Police chief appointment: It’s up to poll panel now | india | Hindustan Times
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Police chief appointment: It’s up to poll panel now

The STATE government’s proposal to seek the Central Election Commission’s (CEC) approval for senior Indian Police Service officer S.S. Virk’s appointment as new Director General of Police (DGP) may run into rough weather.

india Updated: Mar 07, 2009 01:19 IST
Dharmendra Jore

The STATE government’s proposal to seek the Central Election Commission’s (CEC) approval for senior Indian Police Service officer S.S. Virk’s appointment as new Director General of Police (DGP) may run into rough weather.

The Commission itself had removed Virk from the post of Punjab DGP following allegations of helping then ruling Congress government ahead of the Assembly polls two years ago.

Virk, if appointed as DGP, will be in charge of security arrangements during Lok Sabha polls. And the CEC’s advisory, circulated to all state governments last month, states that no officer against whom the Commission had recommended action in the past, be given any election duty.

Reliable government sources said following the Bombay High Court directive to replace incumbent A.N. Roy before March 5, the state shortlisted Virk from among the senior DGPs.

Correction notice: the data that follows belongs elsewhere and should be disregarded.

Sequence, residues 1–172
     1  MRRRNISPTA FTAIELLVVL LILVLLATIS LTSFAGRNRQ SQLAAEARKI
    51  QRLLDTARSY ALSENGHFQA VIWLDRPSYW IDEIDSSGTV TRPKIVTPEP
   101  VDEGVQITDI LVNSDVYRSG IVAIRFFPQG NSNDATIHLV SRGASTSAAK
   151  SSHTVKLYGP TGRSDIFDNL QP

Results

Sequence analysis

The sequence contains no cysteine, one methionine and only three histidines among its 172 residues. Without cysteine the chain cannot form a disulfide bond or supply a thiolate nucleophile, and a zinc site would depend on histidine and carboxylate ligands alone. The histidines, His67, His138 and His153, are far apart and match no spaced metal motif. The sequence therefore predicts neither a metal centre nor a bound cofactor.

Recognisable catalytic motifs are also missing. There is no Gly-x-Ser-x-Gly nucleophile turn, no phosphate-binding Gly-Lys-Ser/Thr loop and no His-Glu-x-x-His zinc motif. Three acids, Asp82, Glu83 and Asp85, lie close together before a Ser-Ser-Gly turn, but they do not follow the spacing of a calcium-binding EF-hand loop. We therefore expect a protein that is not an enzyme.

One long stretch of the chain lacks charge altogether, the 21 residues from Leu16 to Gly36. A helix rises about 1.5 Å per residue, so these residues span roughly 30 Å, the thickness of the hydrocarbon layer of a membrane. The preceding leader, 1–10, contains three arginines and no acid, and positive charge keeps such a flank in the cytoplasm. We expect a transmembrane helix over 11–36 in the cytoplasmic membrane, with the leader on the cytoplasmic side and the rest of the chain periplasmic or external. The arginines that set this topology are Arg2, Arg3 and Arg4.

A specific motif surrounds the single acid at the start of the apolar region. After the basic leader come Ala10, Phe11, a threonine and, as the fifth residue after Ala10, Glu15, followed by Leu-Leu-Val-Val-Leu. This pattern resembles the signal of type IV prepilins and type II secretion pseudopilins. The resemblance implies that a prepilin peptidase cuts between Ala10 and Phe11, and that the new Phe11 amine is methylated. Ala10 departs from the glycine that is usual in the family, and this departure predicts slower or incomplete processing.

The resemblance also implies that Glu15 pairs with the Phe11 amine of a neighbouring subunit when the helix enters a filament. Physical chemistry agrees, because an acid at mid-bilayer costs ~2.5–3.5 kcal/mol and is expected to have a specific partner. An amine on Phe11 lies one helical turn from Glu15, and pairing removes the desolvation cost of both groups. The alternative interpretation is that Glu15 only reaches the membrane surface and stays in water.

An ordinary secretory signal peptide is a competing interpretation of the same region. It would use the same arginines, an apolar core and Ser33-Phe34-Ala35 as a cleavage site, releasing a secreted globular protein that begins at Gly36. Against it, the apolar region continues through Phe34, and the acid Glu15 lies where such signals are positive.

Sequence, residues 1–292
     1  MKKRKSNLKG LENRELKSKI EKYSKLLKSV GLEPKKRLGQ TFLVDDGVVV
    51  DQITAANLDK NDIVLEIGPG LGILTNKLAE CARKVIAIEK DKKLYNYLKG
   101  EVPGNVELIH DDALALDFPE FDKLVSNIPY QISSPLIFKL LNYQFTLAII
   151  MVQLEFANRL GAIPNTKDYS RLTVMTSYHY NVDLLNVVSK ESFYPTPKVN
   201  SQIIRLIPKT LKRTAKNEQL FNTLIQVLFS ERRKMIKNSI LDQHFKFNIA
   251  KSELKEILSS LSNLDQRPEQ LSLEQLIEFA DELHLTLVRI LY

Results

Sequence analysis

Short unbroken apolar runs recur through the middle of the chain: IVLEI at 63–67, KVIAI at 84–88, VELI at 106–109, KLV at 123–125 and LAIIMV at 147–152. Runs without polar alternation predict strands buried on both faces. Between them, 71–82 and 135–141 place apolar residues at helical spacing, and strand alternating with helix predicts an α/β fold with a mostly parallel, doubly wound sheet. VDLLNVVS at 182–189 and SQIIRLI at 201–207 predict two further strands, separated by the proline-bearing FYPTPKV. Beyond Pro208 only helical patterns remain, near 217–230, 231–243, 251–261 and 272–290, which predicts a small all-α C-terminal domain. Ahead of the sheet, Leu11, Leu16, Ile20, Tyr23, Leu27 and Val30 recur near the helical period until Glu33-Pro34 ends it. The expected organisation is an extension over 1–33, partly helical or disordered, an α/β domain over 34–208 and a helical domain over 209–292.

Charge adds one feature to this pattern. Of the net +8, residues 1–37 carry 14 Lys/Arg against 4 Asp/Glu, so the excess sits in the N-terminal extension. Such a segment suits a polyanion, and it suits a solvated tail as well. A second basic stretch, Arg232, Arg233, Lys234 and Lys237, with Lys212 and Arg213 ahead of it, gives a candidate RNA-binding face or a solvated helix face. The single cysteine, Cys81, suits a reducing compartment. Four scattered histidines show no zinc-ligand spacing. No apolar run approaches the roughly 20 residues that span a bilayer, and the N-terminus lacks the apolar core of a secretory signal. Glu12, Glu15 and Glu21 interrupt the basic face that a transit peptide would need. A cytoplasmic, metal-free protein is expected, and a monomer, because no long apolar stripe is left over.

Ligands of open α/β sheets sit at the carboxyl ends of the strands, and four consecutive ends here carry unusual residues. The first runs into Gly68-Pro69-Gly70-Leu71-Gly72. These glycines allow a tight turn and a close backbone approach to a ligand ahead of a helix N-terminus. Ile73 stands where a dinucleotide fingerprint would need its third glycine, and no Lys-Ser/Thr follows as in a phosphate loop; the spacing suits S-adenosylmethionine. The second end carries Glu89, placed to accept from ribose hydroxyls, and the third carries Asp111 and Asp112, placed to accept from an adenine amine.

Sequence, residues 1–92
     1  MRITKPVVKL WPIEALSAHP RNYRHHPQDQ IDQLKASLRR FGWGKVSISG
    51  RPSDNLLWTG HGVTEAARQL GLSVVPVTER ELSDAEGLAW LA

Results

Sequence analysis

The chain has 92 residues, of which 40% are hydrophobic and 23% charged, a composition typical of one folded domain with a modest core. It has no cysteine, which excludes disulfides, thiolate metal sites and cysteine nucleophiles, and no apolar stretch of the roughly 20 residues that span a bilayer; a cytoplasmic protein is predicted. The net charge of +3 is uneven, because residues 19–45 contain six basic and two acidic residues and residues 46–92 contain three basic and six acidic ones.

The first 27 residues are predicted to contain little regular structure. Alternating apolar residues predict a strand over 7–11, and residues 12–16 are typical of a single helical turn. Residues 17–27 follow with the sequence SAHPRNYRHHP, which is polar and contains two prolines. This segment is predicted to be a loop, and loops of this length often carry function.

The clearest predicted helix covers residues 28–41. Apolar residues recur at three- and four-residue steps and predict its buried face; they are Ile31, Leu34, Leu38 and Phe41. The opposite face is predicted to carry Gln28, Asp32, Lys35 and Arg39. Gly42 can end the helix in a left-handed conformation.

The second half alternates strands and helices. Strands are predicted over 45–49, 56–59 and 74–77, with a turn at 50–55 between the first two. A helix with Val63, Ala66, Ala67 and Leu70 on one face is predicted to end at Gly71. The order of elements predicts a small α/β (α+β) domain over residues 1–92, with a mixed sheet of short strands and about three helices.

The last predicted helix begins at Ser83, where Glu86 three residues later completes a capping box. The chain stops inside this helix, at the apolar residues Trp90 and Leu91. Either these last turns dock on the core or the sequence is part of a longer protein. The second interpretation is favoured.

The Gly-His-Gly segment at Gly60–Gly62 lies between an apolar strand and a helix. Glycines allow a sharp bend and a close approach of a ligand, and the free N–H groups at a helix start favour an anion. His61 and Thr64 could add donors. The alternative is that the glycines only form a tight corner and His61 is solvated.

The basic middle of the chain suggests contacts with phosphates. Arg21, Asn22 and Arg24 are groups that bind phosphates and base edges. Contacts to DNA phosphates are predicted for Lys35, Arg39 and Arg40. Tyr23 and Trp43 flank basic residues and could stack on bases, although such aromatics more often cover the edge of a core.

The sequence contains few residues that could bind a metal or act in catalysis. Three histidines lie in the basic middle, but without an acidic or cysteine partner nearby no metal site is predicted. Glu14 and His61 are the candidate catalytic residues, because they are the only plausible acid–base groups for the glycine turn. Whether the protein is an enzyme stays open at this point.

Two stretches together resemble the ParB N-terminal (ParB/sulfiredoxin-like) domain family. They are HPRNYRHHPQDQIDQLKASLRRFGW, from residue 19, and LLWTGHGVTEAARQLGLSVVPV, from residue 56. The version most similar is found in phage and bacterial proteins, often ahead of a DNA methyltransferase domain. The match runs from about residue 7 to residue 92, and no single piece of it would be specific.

But since the model code of conduct for polls came into force before this development, the government sought more time from the court to select the DGP and get the CEC’s approval for it.

Virk was repatriated to his home cadre Maharashtra after he locked horns with the Punjab government. He is the senior-most DGP in the state.

The Election Commission (EC) also directs that no officer against whom a criminal case is pending in any court of law be associated with election-related duty.

The alleged criminal status may also land Virk in trouble as the Punjab government has written to its Maharashtra counterpart that he was an accused in a corruption and cheating case and did not report to the investigating officer.

“The EC will face a tricky situation. It will be interesting to see if CEC ignores its previous action against Virk,” said a senior bureaucrat, requesting anonymity.”

Virk accused the Punjab government of political vendetta. “Every tribunal, and even the Supreme Court, had ruled in my favour so far. The criminal charges against me are false,” Virk told Hindustan Times.

On the proposal to appoint him as DGP, Virk said it was the EC’s prerogative to approve it.

“I was removed as Punjab DGP as there were complaints of partiality against me. But in Maharashtra, there are no such complaints against me.”